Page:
I was there for a conference. By and large it’s a nice place for a conference. It’s like being at work, but with nicer weather. And yeah, I know, I can find a problem with anything. But that’s because there are, in fact, problems with everything.
I am nevertheless comfortable in asserting that Maui is the least interesting of the Hawaiian islands with which I’m familiar. I can see why someone would like it, but those antecedents of “like” would correlate strongly with that someone and I being generally incompatible as co-vacationers. FWIW. Maui would be great for someone who wants nice weather, a mega-resort, a mall with expensive boutiques and galleries, sub-par restaurants, and resort-style golfing.
Here’s a photo of sunset from the hotel pool:
I think it’s a nice photo and all, maybe even enticing. But what amount of time on your Maui vacation could staring at sunsets across pools productively take up? I’m going with eight. The second sunset you stare at is cliché, and by the third one you’re just desperate for meaning. Um, IMHO. So then what are you going to do for the other 6 days, 23 hours, and 52 minutes?
Well, there are a couple things. Maybe even three:
- The Hana area is genuinely nice. It’s slower paced and not dominated by mega-resorts. It seems like a place you would find on Kauai. Except that: (a) it’s a pain to get to — you can romanticize that drive all you want, but at the end of the day it’s arduous and there are only four or five places worth stopping, and (b) since it’s the only place on the island that looks anything like that, it’s necessarily crawling with escapees from all the mega-resorts. Who aren’t necessarily fun to hang out with.
- The drive around the northern part of the western lobe is kind of nice. It’s not all that crowded, not quite as arduous as the Hana drive (I mean, it’s arduous, just not wish-I-was-dead arduous), and has at least one nice little church and a little tidal swimming pool among the rocks in one spot.
- Haleakala is something that’s probably worth doing once, although it’s a long ways up there for maybe a couple of hours of entertainment (with thousands of your co-tourists).
So it’s got that going for it.
Here’s a photo of a bird taken from the lanai of the hotel room at the mega resort that we stayed at (because it was close to the conference):
See that little black bird in the tree? Awcute, right? Except that it’s loud, it’s everywhere, and it’s a non-native species. In a sense, it’s a type for the real problem with Maui:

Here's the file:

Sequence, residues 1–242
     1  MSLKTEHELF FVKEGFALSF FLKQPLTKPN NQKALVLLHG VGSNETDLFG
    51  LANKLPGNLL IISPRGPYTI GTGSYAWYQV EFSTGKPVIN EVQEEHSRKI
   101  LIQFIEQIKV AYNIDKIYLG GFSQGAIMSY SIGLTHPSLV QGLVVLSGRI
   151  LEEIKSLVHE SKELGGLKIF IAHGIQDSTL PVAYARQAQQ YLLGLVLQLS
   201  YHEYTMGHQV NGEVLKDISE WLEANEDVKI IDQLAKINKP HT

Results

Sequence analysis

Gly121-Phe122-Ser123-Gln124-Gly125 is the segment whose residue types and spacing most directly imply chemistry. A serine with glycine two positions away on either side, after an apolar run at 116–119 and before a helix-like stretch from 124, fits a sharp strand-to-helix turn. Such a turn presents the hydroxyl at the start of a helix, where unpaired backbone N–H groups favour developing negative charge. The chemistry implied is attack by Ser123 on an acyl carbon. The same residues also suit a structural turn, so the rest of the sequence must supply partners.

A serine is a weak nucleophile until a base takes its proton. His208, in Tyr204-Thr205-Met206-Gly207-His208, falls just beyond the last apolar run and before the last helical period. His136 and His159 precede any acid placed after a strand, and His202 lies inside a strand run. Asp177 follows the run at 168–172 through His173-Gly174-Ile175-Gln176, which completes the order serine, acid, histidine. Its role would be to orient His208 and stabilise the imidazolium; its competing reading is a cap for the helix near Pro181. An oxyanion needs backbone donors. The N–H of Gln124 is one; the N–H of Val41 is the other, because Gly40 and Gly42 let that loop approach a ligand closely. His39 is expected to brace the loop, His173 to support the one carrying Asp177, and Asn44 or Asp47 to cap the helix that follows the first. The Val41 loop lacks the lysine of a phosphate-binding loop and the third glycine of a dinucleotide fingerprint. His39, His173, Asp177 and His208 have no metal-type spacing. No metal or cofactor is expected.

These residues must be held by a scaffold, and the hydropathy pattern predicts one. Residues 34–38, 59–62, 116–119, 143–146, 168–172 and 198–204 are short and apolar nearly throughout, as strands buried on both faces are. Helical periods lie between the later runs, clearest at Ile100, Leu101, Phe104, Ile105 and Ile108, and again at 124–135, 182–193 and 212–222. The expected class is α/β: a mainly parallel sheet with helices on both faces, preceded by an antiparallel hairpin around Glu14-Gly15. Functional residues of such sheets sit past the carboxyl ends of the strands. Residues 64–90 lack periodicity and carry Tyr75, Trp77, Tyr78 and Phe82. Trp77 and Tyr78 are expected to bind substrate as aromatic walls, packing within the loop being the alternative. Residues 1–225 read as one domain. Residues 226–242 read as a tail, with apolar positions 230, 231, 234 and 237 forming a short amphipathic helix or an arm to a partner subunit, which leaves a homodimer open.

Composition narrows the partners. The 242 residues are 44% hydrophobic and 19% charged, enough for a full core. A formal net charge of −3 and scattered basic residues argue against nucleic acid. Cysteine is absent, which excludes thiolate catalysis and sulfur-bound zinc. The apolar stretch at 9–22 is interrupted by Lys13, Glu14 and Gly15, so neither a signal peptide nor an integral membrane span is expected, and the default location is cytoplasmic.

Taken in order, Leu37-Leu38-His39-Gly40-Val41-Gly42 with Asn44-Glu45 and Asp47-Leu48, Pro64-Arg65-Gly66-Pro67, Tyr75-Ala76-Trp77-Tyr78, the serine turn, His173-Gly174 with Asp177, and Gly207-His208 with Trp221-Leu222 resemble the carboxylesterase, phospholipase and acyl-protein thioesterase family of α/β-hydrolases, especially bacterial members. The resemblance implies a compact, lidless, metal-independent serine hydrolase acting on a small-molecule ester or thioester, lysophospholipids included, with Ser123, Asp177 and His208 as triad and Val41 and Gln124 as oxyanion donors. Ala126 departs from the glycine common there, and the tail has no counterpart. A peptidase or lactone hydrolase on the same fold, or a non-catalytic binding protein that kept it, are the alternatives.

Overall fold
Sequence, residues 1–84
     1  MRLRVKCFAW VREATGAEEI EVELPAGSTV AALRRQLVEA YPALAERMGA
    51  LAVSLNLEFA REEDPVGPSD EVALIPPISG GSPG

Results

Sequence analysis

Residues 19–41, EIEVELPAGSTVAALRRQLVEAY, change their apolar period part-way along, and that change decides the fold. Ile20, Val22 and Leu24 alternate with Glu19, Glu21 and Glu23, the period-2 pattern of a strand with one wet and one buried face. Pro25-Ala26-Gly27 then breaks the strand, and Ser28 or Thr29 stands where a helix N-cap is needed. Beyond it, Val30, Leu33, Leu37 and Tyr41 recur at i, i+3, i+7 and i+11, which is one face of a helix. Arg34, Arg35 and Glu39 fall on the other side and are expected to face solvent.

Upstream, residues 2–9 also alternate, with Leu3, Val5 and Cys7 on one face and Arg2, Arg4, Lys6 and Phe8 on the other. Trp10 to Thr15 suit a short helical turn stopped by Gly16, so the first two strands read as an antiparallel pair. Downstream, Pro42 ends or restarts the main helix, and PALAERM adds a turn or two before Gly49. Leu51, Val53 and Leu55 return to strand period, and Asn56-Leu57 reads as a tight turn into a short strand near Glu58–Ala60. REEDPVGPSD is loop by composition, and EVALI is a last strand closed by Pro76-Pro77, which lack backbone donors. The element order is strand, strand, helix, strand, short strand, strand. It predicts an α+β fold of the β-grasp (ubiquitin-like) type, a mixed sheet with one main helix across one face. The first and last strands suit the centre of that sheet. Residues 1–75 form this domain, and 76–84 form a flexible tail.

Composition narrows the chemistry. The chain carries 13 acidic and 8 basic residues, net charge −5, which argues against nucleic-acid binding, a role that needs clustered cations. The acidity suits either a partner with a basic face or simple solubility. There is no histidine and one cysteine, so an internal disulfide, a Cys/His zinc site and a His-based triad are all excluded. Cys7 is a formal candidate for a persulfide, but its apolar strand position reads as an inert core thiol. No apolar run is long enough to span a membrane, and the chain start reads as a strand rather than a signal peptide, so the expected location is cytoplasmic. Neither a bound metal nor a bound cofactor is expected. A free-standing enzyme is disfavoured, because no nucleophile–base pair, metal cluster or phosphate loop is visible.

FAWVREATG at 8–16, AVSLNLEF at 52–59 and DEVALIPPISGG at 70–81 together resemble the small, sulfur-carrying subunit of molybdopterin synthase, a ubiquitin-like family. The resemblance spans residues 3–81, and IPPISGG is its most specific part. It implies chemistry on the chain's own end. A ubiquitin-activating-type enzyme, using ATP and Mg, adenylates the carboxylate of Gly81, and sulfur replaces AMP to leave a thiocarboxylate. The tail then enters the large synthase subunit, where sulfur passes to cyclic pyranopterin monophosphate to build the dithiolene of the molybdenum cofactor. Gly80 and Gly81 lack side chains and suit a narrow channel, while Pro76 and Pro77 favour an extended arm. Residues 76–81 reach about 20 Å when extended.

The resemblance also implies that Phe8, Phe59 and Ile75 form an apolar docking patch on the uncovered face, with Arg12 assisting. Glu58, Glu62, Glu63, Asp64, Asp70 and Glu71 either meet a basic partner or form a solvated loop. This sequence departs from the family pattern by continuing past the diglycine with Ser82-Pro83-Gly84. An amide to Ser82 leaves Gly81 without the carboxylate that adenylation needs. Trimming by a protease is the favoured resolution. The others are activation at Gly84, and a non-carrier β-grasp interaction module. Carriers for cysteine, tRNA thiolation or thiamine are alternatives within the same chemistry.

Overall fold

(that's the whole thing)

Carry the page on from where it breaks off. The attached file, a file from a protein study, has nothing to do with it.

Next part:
*Tourists*. And there’s nothing for them to do. No way to disperse. Just sitting around the pool mutually reassuring themselves that they’re doing something interesting.
The place is dominated by the mega-resort whether in Kihei-Wailea, or the whole Lahaina-Kaanapali mega-hotel-opolis. It’s hard to break free from these places and there aren’t a lot of reasons to do so (other than the three above and to buy groceries at Wal-Mart). Maui ends up feeling like the Las Vegas strip, but without all the stuff to do.
If you have to go to a conference and cost has no meaning, it’s a nice place to have a conference. Between sessions you can hang out outside, in January, and it’s warm. Nice. OTOH, you’re still at a conference and, for the most part, there’s not a lot different about a conference session room at the Grand Wailea on Maui and a conference session room at the Will Rogers Airport Embassy Suites in Tulsa.
Then with the opportunity cost. It costs the same to go to Honolulu, only that place has better food, more stores, a “scene”, and several regions to consider exploring. It costs the same to go to Kauai, which has rivers everywhere, waterfalls everywhere, easy-in snorkeling, world-class hiking, fewer crowds, etc. It costs the same to go to the Big Island, which — I haven’t been to. I’m guessing I’d like it better so long as I wasn’t stuck in Kona.
Long story short, I’d like to go to this conference again, but probably when it’s on some other island.
Here’s a picture of water: